All requests for repeat prescriptions should be made in writing, preferably using the right hand side of the prescription, either by post (enclosing a stamped addressed envelope if you wish it to be posted back) or by leaving your request at the reception desk.
You may also request your repeats online but you will need to register at reception first. Please note that there have been some changes made to the way you request your repeat prescriptions via Systmonline. Repeat prescriptions can now be requested via the 'medication' button on the 'home' tab.
Prescriptions will be ready for collection two working days after we have received your request, although sometimes the doctor will need to see you before issuing the prescription. All patients on repeat prescriptions need to be seen by the doctor or nurse from time to time.
Please remember to order your prescriptions early around the Bank Holiday dates in both May and June.
Medication is only placed on repeat prescription when a patient is stable on the medication.
The practice accepts repeat prescription requests in the following ways:
from patients in writing via repeat prescription slips
from patients written notes containing at least 3 patient identifiers
on-line requests from patients
requests electronically from local pharmacies
Patients travelling outside the UK
Under NHS legislation, the NHS ceases to have responsibility for medical care of patients when they leave the UK.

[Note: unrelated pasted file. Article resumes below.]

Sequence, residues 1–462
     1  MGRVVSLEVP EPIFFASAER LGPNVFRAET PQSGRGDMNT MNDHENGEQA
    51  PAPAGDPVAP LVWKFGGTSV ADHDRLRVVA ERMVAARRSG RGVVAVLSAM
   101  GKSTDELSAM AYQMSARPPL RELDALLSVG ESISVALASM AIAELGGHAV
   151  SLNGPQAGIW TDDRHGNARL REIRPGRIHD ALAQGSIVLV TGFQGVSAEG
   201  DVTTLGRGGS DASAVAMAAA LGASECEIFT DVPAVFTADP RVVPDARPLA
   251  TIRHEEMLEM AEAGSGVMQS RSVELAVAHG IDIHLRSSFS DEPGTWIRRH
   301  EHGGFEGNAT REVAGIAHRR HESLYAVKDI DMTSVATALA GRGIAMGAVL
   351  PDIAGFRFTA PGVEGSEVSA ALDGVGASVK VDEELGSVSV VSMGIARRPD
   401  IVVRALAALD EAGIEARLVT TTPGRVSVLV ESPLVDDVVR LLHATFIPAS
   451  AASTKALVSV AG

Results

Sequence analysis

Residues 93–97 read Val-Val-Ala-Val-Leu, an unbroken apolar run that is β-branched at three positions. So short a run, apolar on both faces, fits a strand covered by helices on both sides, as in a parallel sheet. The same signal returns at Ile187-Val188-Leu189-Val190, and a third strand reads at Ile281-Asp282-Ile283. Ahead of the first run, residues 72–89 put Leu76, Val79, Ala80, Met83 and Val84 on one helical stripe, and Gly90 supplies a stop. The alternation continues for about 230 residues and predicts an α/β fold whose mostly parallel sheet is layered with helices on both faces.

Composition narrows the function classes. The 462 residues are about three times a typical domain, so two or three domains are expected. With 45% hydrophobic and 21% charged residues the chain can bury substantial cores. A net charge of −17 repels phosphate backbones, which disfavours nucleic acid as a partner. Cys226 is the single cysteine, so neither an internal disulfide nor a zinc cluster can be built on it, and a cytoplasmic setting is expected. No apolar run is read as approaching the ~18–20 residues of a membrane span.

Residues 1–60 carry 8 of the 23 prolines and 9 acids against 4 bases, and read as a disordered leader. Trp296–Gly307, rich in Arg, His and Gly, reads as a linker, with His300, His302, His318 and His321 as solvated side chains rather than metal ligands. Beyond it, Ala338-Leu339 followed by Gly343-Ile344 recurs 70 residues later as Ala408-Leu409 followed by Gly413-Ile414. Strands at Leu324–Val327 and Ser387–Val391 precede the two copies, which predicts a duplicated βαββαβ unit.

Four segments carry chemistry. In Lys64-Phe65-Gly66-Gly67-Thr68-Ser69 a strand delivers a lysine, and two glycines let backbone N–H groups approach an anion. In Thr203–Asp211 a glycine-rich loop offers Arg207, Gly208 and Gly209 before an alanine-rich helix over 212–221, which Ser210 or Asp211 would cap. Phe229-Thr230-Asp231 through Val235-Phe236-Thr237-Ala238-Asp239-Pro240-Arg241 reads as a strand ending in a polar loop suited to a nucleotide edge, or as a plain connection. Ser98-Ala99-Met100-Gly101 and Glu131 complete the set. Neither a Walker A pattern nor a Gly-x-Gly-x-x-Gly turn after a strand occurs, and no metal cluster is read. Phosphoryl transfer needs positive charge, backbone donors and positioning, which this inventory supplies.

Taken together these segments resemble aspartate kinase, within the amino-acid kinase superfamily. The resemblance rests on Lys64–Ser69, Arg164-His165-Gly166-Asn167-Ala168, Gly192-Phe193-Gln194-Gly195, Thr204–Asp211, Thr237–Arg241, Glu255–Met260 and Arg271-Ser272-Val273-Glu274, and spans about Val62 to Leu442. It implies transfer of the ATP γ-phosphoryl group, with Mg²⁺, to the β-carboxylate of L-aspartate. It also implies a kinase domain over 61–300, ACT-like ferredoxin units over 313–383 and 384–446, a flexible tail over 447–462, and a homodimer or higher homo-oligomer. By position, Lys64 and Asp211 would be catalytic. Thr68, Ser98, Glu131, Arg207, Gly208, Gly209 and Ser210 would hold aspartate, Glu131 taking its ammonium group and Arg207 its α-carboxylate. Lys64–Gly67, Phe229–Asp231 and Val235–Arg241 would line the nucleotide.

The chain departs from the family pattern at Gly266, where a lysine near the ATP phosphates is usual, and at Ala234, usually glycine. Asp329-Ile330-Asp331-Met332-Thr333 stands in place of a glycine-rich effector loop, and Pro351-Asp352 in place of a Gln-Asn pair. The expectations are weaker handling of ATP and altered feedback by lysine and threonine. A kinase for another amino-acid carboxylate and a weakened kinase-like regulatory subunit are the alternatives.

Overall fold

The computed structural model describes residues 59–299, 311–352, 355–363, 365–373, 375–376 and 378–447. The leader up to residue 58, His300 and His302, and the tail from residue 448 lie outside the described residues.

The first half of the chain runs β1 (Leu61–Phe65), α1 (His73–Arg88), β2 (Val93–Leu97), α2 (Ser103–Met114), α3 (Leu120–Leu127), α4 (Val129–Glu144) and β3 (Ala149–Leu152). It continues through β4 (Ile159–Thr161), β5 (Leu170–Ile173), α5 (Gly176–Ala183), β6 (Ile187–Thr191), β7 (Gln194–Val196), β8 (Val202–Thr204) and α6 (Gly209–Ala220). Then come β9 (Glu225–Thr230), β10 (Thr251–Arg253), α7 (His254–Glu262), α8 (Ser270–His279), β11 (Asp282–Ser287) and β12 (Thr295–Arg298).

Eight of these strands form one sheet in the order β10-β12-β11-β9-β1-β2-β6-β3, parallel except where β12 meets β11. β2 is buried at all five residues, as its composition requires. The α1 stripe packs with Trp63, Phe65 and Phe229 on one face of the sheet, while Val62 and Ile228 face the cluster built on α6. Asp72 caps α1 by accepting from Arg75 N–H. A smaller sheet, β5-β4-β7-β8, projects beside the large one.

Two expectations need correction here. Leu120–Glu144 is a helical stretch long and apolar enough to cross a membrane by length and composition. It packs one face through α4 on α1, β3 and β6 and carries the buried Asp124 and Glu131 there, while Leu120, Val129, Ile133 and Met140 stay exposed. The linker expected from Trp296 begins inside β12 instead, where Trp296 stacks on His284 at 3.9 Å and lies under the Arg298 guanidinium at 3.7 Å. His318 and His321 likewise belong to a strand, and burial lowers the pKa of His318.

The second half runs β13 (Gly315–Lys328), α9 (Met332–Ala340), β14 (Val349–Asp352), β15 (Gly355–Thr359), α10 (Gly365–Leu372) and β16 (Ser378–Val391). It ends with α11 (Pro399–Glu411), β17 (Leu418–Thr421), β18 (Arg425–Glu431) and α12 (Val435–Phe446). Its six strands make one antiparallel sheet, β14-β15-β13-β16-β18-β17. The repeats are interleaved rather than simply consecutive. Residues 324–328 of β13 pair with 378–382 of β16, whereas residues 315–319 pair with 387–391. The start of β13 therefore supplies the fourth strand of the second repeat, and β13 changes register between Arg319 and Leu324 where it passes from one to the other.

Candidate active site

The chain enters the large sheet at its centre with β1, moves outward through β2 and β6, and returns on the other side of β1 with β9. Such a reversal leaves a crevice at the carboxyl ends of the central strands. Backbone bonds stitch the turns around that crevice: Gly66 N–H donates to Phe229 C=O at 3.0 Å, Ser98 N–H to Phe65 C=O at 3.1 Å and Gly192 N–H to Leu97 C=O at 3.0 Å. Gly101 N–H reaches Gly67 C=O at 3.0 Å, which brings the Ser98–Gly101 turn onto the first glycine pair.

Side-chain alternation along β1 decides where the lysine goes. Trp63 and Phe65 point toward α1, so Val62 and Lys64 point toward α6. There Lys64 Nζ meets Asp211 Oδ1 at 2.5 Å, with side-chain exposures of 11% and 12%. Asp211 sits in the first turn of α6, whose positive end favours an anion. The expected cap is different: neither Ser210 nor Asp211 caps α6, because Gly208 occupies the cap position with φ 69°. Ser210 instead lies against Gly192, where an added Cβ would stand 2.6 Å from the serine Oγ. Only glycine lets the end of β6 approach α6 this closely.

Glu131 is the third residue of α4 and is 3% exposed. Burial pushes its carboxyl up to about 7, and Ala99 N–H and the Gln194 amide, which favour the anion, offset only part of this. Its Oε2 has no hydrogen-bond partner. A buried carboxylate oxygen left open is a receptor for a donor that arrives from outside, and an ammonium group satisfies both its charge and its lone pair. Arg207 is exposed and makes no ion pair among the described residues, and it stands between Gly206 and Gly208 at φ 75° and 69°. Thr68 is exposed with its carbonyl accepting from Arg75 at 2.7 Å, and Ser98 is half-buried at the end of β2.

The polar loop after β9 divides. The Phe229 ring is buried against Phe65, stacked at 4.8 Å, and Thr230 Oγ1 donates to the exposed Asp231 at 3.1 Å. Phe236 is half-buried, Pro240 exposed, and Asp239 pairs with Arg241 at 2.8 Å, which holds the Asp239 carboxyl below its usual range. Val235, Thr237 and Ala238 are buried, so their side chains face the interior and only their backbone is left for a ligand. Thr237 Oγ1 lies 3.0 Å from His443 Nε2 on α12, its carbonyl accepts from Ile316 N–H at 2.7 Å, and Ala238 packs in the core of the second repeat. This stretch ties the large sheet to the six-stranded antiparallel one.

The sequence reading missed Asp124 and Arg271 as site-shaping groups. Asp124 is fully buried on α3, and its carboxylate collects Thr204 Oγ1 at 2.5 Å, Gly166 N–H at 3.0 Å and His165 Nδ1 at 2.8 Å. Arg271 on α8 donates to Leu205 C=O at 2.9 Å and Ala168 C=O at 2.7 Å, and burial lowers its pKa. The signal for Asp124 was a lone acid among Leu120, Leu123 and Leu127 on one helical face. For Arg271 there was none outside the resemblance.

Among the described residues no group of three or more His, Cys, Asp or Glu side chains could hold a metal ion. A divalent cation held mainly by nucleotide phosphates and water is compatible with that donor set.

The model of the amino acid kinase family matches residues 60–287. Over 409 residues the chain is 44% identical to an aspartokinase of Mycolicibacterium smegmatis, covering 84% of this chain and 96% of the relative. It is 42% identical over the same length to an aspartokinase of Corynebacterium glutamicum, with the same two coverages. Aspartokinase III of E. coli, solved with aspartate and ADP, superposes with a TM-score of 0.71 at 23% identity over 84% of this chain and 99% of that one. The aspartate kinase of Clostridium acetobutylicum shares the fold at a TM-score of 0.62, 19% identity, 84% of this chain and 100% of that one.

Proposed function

For patients who will be out of the country for up to 3 months, the practice will provide sufficient medicines for an existing condition if clinically appropriate.
Patients leaving the UK for more than 3 months are advised to register with a local doctor for their continuing medical needs. This may need to be paid for by the patient. The practice will provide up to 3 months of medication to allow time to register with a doctor in the destination country.
If the practice is aware that a patient is outside the UK for longer than 3 months we may consider de-registering them in line with NHS regulations.
The practice is not responsible for issuing "just in case" prescriptions for medical problems which may arise while abroad. The exception to this are patients who are routinely supplied with rescue medication as part of a Personal Care Plan. The practice advises patients to obtain adequate travel insurance and access medical advice while abroad.